Young parents have a handle on naming their kids.
“I have two kids — daughters — and social media played a role in both of their names,” Sara Mauskopf, a 33-year-old San Francisco mom and the founder of parenting app Winnie tells Marketwatch.
While Mauskopf knew she wanted her now 3-year-old daughter’s first name to be Bryn, her requirements for a middle name were that it started with “A” and that the Twitter handle was available. “I was really gung-ho about getting the Twitter handle, so in choosing a middle name I was checking Twitter,” she explains, eventually axing Ava, Anne and others because those Twitter user names were taken.
And when she had her second child earlier this year, she once again turned to a social media forum on her app Winnie — this time to get feedback on a name she loved, Isla. But users told her that it was “impossible for people to see the name spelled and pronounce it correctly … they were very convincing,” she says. So her youngest daughter is now named Aubrey.
She’s not alone in considering social media when naming her child, says Ari Lightman, a professor of digital media and marketing at Carnegie Mellon University’s Heinz College in Pittsburgh. “Millennials really understand the importance of creating a digital identity,” he says.
And relationship expert April Masini says that the internet is the “new stomping ground” for naming your kids as “parents in the know are wanting their kids’ names to be relevant, and they are wanting to reserve Twitter and Insta handles, as well as buy up domain names.” Indeed, about half of millennial parents say that it’s crucial that their children have an online presence early on, versus just one in four Gen Xers, according to a survey released this year by domain provider GoDaddy.com.
Even those slightly older than millennials are using social media to figure out baby names. Stephen Seidel, 41, the founder of consultancy firm The Seidel Agency, is one of them. He used Facebook to narrow down names for his 4-year-old daughter (he and his wife liked Samantha, but when a Facebook friend named her daughter that, they axed the name), and got her a YouTube channel, domain name and Gmail address shortly after she was born.
The goal, he says, was to “give her the opportunity to create her own business” in the future, and to allow her to easily replay memories and experiences (they “periodically email her and let her know about all the wonderful things she does and the milestones she’s accomplished,” he says, so she can read them in the future.).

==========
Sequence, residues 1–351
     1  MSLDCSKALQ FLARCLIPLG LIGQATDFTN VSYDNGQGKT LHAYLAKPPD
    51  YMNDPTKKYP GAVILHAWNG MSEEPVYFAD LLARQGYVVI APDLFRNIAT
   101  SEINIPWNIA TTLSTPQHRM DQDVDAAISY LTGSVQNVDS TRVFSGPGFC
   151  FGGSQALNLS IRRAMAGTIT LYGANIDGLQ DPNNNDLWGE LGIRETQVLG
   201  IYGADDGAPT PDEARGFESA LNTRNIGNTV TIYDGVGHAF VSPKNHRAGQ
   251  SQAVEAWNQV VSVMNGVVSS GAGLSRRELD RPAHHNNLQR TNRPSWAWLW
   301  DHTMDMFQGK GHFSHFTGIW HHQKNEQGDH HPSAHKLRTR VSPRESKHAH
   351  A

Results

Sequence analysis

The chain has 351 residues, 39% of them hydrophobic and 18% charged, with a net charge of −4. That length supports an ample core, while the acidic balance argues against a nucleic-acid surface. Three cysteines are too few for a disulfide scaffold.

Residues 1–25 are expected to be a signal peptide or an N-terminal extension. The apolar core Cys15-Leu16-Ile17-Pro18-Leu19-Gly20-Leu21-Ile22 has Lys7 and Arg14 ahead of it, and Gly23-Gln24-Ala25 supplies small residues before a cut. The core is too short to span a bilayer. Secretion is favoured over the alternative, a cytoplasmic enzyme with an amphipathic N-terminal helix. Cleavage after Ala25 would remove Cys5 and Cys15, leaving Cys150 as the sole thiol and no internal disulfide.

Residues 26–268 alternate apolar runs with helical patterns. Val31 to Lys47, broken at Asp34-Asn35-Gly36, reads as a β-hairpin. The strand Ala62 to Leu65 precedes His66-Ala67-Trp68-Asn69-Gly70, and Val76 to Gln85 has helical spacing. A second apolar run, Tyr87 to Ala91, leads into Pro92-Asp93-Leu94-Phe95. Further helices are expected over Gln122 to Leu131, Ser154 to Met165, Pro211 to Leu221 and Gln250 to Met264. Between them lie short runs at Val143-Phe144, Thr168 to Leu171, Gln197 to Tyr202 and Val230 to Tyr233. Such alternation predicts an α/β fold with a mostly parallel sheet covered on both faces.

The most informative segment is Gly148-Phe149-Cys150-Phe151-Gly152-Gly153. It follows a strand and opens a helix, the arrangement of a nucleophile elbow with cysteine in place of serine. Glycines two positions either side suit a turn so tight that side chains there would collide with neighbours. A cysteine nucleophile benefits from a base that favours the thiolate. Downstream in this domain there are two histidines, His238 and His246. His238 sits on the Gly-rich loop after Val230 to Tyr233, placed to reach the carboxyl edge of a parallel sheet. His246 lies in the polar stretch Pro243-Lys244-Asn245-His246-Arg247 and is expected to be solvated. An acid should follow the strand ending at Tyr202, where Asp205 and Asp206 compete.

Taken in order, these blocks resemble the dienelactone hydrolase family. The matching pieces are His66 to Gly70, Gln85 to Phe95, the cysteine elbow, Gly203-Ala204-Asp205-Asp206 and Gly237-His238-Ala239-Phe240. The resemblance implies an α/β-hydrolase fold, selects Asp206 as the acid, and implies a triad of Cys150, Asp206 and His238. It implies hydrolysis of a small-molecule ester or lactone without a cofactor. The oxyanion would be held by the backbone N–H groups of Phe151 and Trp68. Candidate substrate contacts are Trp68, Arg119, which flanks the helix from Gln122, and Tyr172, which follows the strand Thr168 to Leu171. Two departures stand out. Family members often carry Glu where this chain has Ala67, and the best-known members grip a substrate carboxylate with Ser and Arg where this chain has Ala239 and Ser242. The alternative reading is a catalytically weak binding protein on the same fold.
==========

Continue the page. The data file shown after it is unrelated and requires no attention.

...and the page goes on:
And experts say consulting social media when naming your child — be it asking others about a name on Facebook, or using social media handles to inform a name — can be smart. “With the goal of not having your child get lost in the social shuffle and losing opportunities, it may be best to take a proactive social branding strategy or ‘self-insurance’ from the very start of their life,” says Robb Hecht, an adjunct professor of marketing at Baruch College in New York City . “Just like a kid graduating with top grades or obtaining scholarships, a kid today could have a distinct advantage if her or his parents were setting them up for their future virtual self.” And Masini notes that it’s smart and “especially important for people wanting to create a special identity for themselves and their children and families.”
Others disagree: Lots of people have a social media handle that’s different from their name, so that shouldn’t be a factor in naming your child, says Kim Randall, the owner of KiMedia Strategies. Adds Kent Lewis, the president and founder of marketing firm Anvil: “A [social media] handle can be changed or modified over time, and typically isn’t as important as the content and visibility of the profile.”
But both Randall and Lewis still believe that securing social media handles and domain names very early — even before they’re born — is smart. That’s what Elizabeth Piper, 30, a social media strategist at Sparkloft Media, did. “My husband and I claimed the handle for my soon-to-be-born baby girl after we made the announcement on our social accounts, because we have a good number of people tagging a great potential handle for our baby in our posts’ comments,” she says. “I didn’t want someone to take advantage of that and snag it, so I did it first.”
New York Post